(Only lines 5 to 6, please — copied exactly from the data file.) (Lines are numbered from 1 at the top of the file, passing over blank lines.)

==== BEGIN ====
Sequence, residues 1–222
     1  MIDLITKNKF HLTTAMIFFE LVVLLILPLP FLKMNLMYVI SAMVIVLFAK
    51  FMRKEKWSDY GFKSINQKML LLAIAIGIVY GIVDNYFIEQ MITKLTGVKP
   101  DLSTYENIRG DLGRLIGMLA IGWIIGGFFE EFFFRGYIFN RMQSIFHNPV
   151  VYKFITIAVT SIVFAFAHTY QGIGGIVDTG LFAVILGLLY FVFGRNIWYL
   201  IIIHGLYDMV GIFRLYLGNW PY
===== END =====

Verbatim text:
   151  VYKFITIAVT SIVFAFAHTY QGIGGIVDTG LFAVILGLLY FVFGRNIWYL
   201  IIIHGLYDMV GIFRLYLGNW PY